Canon Pyon Parish: Canon Pyon Church and Westhope Chapel
Information on St Lawrence, Canon Pyon can be obtained at: St Lawrence Church
King’s Pyon Parish: King’s Pyon Church and Ledgemoor Chapel
St Mary’s Church, King’s Pyon, dates back before the Norman era, and is listed in the Domesday Book of 1086. The inside of the roof of the nave and south transept date from the 14th century and have a magnificent two tiered structure of black trefoiled headed wind-braces to each slope, in sharp contrast to the whitewashed ceiling. In the south transept there is an historic effigy of a knight and lady, and two beautiful memorial windows installed by the King family about a 100 years ago. There is also an intricately carved Victorian altar screen at the east end of the church, and another in the west end behind the elaborate Victorian font, all in memory of former family members of the congregation as well as numerous memorial plaques and windows which trace the history of the principal families and benefactors of the church over the years. A carved panelled pulpit and a readers lectern sit either side of the chancel.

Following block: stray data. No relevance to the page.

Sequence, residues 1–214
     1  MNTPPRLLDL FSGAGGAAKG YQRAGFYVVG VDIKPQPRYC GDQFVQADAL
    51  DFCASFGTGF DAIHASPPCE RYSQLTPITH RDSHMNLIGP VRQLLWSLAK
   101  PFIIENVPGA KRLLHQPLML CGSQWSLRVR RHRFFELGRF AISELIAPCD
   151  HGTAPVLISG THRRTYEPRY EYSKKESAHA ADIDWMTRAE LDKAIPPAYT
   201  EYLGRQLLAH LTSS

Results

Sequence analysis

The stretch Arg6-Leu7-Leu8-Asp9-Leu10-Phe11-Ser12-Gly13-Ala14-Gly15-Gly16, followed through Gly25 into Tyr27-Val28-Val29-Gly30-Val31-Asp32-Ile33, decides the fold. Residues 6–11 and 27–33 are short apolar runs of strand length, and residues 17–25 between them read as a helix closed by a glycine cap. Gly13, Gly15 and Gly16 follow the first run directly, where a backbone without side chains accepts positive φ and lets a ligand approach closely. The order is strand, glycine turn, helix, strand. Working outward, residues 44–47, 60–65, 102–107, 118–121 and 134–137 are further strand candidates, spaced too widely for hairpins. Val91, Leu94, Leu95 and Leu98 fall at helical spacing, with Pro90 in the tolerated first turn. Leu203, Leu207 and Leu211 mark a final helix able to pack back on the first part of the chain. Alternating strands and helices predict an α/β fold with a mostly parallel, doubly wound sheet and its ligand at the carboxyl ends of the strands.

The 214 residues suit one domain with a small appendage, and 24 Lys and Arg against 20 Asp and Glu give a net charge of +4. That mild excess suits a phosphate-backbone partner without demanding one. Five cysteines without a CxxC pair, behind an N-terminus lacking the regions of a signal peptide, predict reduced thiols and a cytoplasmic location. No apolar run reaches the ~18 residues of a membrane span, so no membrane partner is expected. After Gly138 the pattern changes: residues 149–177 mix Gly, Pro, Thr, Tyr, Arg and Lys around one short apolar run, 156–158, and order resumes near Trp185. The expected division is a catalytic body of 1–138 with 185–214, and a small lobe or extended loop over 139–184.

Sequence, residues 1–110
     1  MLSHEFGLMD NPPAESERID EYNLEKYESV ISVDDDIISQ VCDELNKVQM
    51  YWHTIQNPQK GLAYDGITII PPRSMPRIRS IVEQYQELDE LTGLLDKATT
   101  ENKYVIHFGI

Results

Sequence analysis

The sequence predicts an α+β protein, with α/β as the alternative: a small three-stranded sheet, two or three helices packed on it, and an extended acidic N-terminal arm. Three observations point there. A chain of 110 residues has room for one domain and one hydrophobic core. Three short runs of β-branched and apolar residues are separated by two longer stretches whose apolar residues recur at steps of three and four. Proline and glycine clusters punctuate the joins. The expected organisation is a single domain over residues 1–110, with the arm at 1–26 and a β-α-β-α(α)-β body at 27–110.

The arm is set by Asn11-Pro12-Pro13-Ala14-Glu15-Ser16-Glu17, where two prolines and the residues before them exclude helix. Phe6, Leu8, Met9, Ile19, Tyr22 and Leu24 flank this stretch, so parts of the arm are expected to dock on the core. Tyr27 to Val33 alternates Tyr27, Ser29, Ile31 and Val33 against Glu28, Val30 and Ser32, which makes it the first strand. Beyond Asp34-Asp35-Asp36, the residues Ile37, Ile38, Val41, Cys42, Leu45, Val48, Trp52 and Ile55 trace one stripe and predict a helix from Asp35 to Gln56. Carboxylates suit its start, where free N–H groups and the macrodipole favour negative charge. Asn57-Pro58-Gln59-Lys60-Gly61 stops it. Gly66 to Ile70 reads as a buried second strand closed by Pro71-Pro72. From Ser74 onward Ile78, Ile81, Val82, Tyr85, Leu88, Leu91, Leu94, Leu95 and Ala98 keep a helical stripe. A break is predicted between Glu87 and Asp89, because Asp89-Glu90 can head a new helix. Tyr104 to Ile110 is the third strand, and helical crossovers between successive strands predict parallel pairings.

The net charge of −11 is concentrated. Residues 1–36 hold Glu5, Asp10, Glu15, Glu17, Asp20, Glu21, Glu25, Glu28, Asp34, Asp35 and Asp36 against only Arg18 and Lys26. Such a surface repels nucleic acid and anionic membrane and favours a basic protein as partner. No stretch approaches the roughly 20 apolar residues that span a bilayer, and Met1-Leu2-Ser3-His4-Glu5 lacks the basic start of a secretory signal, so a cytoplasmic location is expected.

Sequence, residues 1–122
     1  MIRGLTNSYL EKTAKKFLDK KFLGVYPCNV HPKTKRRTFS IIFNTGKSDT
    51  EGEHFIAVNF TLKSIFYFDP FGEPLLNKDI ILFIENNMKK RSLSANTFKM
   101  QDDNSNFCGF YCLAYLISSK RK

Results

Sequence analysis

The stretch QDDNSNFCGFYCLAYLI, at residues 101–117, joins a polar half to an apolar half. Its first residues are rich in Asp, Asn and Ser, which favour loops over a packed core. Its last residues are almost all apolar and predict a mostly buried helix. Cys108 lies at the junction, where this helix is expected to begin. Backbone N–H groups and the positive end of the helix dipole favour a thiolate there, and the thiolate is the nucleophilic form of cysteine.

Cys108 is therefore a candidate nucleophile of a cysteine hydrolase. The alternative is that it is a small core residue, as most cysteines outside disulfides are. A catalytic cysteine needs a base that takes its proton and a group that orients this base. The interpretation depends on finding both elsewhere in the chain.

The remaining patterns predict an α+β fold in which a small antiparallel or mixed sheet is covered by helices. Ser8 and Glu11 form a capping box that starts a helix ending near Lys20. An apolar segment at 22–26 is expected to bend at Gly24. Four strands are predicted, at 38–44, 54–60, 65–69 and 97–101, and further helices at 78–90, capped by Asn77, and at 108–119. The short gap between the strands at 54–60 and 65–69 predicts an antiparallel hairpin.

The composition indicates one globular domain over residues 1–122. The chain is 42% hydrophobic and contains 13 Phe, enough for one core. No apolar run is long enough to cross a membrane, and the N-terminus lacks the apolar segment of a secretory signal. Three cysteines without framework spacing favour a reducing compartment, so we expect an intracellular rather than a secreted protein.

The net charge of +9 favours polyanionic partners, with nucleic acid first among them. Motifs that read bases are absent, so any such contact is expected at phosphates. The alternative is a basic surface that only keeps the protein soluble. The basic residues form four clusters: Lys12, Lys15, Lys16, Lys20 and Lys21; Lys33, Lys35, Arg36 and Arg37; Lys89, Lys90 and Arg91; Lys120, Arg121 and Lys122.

The Victorian addition of the north transept has recently been refurbished to serve as a communal area and incorporates a discreet kitchenette, cupboards and book shelves. The original Norman font of the church is displayed under the memorial window. This area is especially important to the community in the absence of a village hall within Kings Pyon itself, and will be put to further good use for bring and buy sales, talks, concerts, exhibitions, christenings and other gatherings, and to serve as a local library with book sales.
The recent restoration project of the church was finished at the end of 2017 and also addressed the need for urgent repairs noted in the last Quinquennial Report. The project was principally funded by the Heritage Lottery Fund and donations from other charitable organisations. Restoration included the repointing of the external walls of the chancel and north and south transepts of the church, the relining of the organ roof above the vestry, renewal of the guttering, and the restoration of the mullioned window in the south transept.
The square tower dates from the 14th century, in which hang five bells from the early 17th century, and which are rung frequently by enthusiastic campanologists. The tower incorporates a two faced clock, which chimes the hour, and was installed in 1872.
The most recent restoration followed two previous projects, over the last 10 years or so, to restore the tower, and to “Save the Nave” and roof of the church.
Further information can be obtained at: